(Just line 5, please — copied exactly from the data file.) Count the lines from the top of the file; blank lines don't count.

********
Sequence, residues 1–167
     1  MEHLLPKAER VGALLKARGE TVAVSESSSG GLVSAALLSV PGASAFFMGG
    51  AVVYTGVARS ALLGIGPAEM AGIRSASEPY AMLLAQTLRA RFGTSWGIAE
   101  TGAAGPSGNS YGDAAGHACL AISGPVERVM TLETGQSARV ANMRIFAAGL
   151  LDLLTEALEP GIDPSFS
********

   151  LDLLTEALEP GIDPSFS